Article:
To perform the long-time calculations, we use the new low Mach number code MAESTRO. The first part of this work deals with numerical aspects of using MAESTRO for the core convection system, a new application for MAESTRO. We extend MAESTRO to include two new models, a single species model and a simplified two-dimensional planar model, to aid in the exploration of using MAESTRO for core convection in massive stars. We discuss using MAESTRO with a novel spherical geometry domain configuration, namely, with the outer boundary located in the interior of the star, and show how this can create spurious velocities that must be numerically damped using a sponging layer. We describe the preparation of the initial model for the simulation. We find that assuring neutral stratification in the convective core and reasonable resolution of the gravity waves in the stable layer are key factors in generating suitable initial conditions for the simulation. Further, we examine a numerical aspect of the velocity constraint that is part of the low Mach number formulation of the Euler equations. In particular, we investigate the numerical procedure for computing β0, the density-like variable that captures background stratification in the velocity constraint, and find that the original method of computation remains a good choice.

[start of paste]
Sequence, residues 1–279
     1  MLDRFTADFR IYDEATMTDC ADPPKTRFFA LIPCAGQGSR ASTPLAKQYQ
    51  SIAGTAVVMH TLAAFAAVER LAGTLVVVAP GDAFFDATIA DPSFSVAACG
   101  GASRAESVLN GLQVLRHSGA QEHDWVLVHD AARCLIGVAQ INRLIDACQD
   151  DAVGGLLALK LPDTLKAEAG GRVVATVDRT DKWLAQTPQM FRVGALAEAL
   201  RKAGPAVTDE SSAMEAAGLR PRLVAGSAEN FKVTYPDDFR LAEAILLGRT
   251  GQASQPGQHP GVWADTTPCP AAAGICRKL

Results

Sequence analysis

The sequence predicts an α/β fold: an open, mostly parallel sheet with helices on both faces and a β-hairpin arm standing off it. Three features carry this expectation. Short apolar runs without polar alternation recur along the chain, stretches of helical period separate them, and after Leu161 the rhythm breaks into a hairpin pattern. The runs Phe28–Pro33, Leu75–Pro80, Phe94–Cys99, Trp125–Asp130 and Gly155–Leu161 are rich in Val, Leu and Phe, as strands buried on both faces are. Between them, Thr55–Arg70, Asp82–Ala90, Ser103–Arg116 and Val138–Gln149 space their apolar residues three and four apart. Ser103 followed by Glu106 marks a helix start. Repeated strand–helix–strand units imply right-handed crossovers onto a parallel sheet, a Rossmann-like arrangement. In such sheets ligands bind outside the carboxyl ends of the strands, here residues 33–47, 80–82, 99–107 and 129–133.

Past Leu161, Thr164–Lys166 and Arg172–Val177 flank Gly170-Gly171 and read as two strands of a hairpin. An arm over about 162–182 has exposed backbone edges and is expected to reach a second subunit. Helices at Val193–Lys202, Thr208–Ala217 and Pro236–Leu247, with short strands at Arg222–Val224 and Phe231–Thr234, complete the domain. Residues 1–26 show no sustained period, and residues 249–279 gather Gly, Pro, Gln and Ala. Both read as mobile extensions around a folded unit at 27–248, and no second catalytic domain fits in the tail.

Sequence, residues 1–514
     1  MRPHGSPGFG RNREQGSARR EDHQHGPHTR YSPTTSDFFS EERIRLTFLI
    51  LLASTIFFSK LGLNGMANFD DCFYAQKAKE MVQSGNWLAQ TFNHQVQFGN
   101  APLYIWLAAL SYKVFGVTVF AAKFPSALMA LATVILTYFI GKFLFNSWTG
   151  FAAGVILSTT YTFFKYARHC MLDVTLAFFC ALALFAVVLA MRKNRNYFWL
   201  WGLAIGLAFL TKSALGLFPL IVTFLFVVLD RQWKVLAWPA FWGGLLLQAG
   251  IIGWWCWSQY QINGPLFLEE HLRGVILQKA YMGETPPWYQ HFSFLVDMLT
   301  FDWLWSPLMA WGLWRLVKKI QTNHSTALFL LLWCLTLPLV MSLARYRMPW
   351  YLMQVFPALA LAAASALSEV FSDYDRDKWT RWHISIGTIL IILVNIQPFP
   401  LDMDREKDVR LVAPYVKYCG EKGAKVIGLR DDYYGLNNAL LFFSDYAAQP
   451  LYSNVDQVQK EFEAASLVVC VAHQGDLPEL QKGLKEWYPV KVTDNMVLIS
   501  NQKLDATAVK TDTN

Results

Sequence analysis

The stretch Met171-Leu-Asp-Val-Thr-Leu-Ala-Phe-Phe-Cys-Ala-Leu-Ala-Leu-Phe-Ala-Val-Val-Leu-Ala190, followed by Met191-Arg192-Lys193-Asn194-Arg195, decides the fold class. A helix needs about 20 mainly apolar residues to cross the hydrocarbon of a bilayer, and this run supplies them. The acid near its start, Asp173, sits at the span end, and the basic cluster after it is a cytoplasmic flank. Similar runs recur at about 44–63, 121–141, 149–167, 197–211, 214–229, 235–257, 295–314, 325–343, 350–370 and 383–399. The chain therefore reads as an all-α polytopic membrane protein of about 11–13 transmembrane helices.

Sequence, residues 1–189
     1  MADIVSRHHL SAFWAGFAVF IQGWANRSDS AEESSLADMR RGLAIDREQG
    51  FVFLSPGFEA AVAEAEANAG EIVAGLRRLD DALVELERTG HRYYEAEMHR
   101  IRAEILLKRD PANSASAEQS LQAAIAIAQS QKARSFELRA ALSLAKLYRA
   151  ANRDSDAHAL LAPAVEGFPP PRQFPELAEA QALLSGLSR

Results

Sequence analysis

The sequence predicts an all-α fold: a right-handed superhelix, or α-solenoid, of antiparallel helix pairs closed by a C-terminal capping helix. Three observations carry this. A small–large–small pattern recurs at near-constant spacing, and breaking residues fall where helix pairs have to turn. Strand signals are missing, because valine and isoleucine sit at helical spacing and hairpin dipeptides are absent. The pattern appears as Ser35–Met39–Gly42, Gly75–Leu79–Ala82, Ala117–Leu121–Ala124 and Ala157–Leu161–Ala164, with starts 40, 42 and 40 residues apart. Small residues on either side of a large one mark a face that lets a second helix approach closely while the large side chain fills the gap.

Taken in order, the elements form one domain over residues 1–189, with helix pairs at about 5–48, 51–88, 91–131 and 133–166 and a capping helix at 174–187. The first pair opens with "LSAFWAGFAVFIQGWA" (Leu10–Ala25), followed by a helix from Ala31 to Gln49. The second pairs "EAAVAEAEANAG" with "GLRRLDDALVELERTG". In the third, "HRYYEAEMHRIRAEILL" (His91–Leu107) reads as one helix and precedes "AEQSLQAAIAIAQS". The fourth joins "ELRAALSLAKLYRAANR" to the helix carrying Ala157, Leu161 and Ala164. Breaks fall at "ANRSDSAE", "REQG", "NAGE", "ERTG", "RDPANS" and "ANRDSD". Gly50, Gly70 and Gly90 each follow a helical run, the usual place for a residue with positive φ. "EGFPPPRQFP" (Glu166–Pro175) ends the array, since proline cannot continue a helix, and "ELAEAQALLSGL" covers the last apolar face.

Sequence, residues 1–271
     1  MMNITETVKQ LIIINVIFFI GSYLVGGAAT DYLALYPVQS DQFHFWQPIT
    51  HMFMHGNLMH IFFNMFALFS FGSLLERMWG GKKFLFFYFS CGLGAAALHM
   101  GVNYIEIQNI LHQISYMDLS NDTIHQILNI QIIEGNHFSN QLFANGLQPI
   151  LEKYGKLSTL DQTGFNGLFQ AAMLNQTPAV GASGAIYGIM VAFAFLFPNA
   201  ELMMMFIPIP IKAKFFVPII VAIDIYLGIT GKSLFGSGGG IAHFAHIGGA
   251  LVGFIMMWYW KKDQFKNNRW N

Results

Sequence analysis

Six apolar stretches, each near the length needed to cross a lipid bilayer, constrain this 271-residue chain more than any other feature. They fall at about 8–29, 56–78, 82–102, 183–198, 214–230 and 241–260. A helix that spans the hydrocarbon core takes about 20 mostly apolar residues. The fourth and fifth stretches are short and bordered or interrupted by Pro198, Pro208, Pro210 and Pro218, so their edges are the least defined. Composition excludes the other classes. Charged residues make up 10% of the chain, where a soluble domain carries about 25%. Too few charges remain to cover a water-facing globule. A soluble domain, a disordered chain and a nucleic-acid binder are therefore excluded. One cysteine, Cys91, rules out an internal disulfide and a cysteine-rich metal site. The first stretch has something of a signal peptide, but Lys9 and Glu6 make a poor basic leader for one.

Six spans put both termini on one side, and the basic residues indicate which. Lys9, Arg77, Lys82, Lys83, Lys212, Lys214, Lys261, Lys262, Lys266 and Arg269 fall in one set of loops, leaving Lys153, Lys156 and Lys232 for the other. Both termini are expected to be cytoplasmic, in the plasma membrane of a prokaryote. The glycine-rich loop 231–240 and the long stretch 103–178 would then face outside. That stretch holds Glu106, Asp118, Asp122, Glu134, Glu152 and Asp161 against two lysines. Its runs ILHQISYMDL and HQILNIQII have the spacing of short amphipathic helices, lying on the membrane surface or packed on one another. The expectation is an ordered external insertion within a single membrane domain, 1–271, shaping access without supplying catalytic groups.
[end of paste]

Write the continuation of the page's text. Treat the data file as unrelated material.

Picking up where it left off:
The three-dimensional simulation results show that using a single species model actually increases the computational cost of the simulation because the single species system takes longer to reach quasi-steady state convection. This is due to the fact that a single species model cannot effectively model mixing at the convection zone boundary, where fluid of a differing composition is pulled into the convective region.

Simulations in an octant yields flow with statistical properties that are within a factor of two (or less) of the full sphere simulation values. Both the octant and full sphere simulations show similar mixing across the convection zone boundary that is consistent with the turbulent entrainment model. However, the global character of the flow is distinctly different in the octant simulation, showing more rapid changes in the large scale structure of the flow, leading to a more isotropic flow on average. Thus, for studies of more rapid dynamics that could depend sensitively on anisotropy in the flow, such as simulations of the helium flash or oxygen shell burning, performing simulations on a reduced domain is questionable.